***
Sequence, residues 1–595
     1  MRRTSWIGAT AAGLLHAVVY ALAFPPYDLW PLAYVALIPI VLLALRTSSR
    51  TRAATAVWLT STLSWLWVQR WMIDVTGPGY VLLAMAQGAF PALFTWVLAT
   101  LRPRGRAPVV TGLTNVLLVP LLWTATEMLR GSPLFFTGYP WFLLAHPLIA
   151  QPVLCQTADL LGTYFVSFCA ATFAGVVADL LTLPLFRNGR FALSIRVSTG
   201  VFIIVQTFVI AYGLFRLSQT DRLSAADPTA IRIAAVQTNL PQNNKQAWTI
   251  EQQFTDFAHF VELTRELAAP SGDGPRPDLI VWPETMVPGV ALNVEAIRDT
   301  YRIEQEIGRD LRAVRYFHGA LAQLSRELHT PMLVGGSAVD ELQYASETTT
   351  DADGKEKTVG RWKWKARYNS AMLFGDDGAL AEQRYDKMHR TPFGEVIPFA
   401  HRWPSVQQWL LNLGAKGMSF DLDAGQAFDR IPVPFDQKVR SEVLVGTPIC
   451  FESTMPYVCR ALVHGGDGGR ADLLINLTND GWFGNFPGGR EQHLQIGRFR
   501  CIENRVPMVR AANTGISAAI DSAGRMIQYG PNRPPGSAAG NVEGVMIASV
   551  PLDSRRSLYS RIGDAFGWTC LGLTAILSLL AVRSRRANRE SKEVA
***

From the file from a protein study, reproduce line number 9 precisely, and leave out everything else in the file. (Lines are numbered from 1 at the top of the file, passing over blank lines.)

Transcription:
   351  DADGKEKTVG RWKWKARYNS AMLFGDDGAL AEQRYDKMHR TPFGEVIPFA